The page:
(67.) Ivens 1907; You and the Native 1943; Grover 1958, 1; see Steward 1926; Knibbs 1929, 69, 191; Mytinger 1942, 32–34; Hogbin 1970, 164; Barley quoted in Bennett 1987, 179. Ivens’s attitudes later grew more humane. Furse argued that familiarity meant “punishment, when it becomes necessary, may have to be harsher than it need otherwise be” (1962, 303; cf Bertram 1930, 62). See Stoler 1992 on the importance of racial boundaries to uniting colonial communities with diverse interests, and of keeping “subversives” from disrupting categories crucial to those communities.

(70.) Horton 1940; Belshaw 1949a, 431; 1950b, 118; Kennedy 1967, 3; Hilliard 1974, 115; Hogbin 1976, 122–123; White 1978, 240; see Marchant 1941. Resident Commissioner H G Gregory-Smith in 1951 wrote that Marchant “based his whole administrative policy on the Kenya lines,” and cited the need for continuity in justifying doing the same thing himself (1951c, 3).

(71.) Woodford quoted in Scarr 1967, 293; Allan 1957a, 45; see Woodford 1890b, 188; Murray 1916, 15–16; Ivens 1929, vi; Scarr 1967, 293–294; Laracy 1976, 91; Keesing and Corris 1980, 33; Bennett 1987, chap 6; Thomas 1990; McGregor 1993. Wilson’s successor Steward wrote, “God forbid that the Melanesian should die out; but this would be better than that he should be utterly degraded by contact with us and all his native virtues exchanged for imported vices, till he becomes the ‘nigger’ that some of his visitors from civilisation appear to think he is” (1939, 135). On ideas about depopulation and colonial policy in Fiji, see Thomas 1994, chap 4.

(73.) NIV Annual Report 1919–1920, 3; Bell 1924 (cf Bell 1918c); Ivens 1927; 1972, xvii, 25; Crichlow 1929, 181; Lambert 1934a, 16; Hogbin 1970, 127; Crosby 2003, 233–241; Sandars nd, 104; see McArthur 1967, 1970; Lal 1992, 57–59; Bennett 1993, 143; Jolly 1994, 29–34. For early estimates, see Edge-Partington 1911a; Murray 1916, 12. We have better, grim figures from Malaita’s neighbors. In 1924, Ivens found Ulawa’s population down a quarter since 1909, and on Makira an officer estimated nearly half died of dysentery in a 1914 epidemic. Michael Scott has summarized the great mortality from disease there and government attempts to counter it, particularly with spatial reorganization and sanitary regulation (Ivens 1927; 1972, xvii; Crichlow 1929, 181; Kuper 1933, 10–14; Fox 1962, 103, 142; Green 1976, 42–43; Scott 2007, 82–95). The government checked incoming ships to try to certify that they carried no diseases (see, eg, Sinker 1907, 29).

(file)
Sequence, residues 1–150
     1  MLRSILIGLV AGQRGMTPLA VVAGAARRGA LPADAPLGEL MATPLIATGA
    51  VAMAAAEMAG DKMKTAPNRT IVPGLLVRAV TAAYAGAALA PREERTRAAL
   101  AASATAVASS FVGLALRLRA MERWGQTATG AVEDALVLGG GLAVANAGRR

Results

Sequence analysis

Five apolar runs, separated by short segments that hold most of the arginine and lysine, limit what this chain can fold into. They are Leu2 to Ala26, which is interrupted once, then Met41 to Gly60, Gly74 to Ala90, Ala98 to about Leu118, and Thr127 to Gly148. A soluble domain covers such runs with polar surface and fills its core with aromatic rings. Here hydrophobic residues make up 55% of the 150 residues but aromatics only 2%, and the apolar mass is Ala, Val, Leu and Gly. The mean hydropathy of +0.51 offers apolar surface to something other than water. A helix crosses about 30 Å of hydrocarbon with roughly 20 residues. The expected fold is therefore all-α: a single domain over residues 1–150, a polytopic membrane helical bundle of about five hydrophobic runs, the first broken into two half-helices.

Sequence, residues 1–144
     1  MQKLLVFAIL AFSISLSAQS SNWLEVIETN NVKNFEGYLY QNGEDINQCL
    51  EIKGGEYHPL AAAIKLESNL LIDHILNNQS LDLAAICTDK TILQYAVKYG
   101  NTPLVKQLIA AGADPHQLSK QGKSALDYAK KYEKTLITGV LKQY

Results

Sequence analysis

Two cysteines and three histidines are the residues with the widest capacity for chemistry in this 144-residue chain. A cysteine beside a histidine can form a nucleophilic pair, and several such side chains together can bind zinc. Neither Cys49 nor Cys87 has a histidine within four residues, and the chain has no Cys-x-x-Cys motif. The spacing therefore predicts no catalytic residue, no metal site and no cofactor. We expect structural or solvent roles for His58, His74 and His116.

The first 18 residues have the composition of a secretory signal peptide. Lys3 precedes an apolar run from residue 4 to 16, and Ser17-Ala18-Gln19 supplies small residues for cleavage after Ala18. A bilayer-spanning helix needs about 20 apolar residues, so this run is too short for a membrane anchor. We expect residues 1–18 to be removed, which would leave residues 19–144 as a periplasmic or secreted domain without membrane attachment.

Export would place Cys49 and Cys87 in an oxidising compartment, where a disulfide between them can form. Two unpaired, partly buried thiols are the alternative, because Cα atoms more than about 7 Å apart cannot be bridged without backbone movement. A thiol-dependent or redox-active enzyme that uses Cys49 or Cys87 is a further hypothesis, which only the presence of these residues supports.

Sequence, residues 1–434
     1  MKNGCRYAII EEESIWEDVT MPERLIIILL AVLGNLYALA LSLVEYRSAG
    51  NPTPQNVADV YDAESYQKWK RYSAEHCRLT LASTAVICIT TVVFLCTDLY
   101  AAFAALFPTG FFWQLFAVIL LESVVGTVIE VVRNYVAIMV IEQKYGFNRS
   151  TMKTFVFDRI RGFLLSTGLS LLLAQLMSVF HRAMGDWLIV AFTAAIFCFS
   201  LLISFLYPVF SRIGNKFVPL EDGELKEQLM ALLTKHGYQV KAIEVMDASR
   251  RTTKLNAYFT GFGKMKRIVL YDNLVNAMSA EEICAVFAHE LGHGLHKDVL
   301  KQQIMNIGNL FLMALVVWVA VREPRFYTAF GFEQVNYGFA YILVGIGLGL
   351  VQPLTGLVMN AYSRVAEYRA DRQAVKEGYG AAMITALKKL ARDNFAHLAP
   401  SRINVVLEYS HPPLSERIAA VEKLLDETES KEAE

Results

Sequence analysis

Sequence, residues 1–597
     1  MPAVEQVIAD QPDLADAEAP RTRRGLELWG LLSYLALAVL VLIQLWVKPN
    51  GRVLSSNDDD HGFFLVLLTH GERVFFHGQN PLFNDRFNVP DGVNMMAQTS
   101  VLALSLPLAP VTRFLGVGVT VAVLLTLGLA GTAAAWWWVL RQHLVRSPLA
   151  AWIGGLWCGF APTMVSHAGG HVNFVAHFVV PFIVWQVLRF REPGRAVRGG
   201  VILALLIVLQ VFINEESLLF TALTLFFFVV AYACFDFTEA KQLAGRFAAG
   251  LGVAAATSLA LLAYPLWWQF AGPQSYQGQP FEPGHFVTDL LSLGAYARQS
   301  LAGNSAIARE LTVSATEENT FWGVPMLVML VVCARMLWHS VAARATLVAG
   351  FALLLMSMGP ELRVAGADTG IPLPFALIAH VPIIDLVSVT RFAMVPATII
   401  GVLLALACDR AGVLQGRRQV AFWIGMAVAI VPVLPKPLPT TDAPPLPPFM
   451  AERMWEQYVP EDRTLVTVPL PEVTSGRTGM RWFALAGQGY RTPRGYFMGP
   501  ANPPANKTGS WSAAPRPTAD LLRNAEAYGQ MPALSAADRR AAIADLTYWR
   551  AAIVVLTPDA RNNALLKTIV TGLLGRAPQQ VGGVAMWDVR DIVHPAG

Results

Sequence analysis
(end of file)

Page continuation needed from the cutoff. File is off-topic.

(74.) MAR 1930, 25; 1931, 4–5; see Ivens 1970, 42, 44; Fox 1967, 47. On periodic epidemics, see NIV and especially SCL, and Eastern District Annual Reports during the 1920s. The latter are comprehensive, especially for the 1910s and 1920s, when statistics for Malaita are unavailable. I thank Michael Scott for several of these.

(75.) Thomas 1990; 1994, chap 4, quote on page 119. See Clammer 1973 on the importance of order in Fiji and the imposition of a European concept of “communalism” in this context. Martha Kaplan analyzed “colonial constructions of disorder” in Fiji (1995, chap 5).

(p.376) (76.) Goldie 1914, 564. Goldie was later harshly criticized for ignoring warnings that his gathering people to celebrate an anniversary of his own appointment would spread an ongoing typhoid epidemic (Carter 1990, 50–51; see Lambert 1934a, 12). For attributing depopulation to Islander shortcomings, see Romilly 1886, 68–70; Woodford 1890, 188; Colony of Fiji 1896, 5; Somerville 1897, 410–411; Carver 1911, 6; Campbell 1918, 42; Durrad 1922, 34; Rivers 1922; Roberts 1927, 63; AR 1932, 5; Hogbin 1930, 49; Harrisson 1937, 261–280; Wilson 1938, 25; Fox 1967, 47; see also Mander 1954, 227–228; Scarr 1967, 293; Thomas 1990; Jolly 1998, 183–187.

(77.) Wilson 1932, 184–185 (quotes). Jolly analyzed condemnation of mothers in Fiji and Vanuatu; officials intervened less in the maternal practices in the latter (1998). They took even less action on Malaita, though Christians radically transformed childbirth practices by barring observance of related ancestral taboos (see Akin nd). On Malaita, the government kept its distance, partly to avoid entanglement in intense religious conflicts over these practices, until the 1950s when it began constructing maternity centers in some places where they were wanted. See Romilly 1886, 68–70; Montgomery 1892, 2; Colony of Fiji 1896; Deck 1909, 3; E Wilson 1915, 47–50; 1936; Raucaz 1928, 177; Murray 1932, 212; Mothercraft [1949?]; Fox 1962, 142; Manderson 1987; cf Bell 1922a; Kuper 1933, 13–14. For blame on the labor trade, see Wilson 1905, 6; 1932, 184–185, 250; 1938, 25; Goldie 1914, 564; and see Hopkins 1927, 11, 113–120; Barley 1930–1932, 54; Hilliard 1978, 156.

(78.) NIV 1921 (nd), 3; Bell 1922b; Deck 1931a, 5. BSIP file I/III/49/3 details the Southern Cross taking disease to Ontong Java in the 1930s and Anglican denials and protests; Proclamation 11 of 1939 required all visitors there to first undergo a medical exam. On missions and health, see SCL 16 Jan 1899, 31; Durrad 1922, 5–6; Woodford 1922, 71; MAR 1925; 1931, 3; Ivens 1928a, 47; Eastern District Quarterly Report, July–Sept 1931, 3; Wilson 1932, 184–185; Luke 1945a, 20; Deck 1948d, 2; Green 1976, 45–46; Hilliard 1978, 156, 268. On early Christian health, see NIV Annual Report 1920–1921, 6–7; Baker 1928; Innes 1938; Hogbin 1970, 135, 139, 199; Hilliard 1978, 268.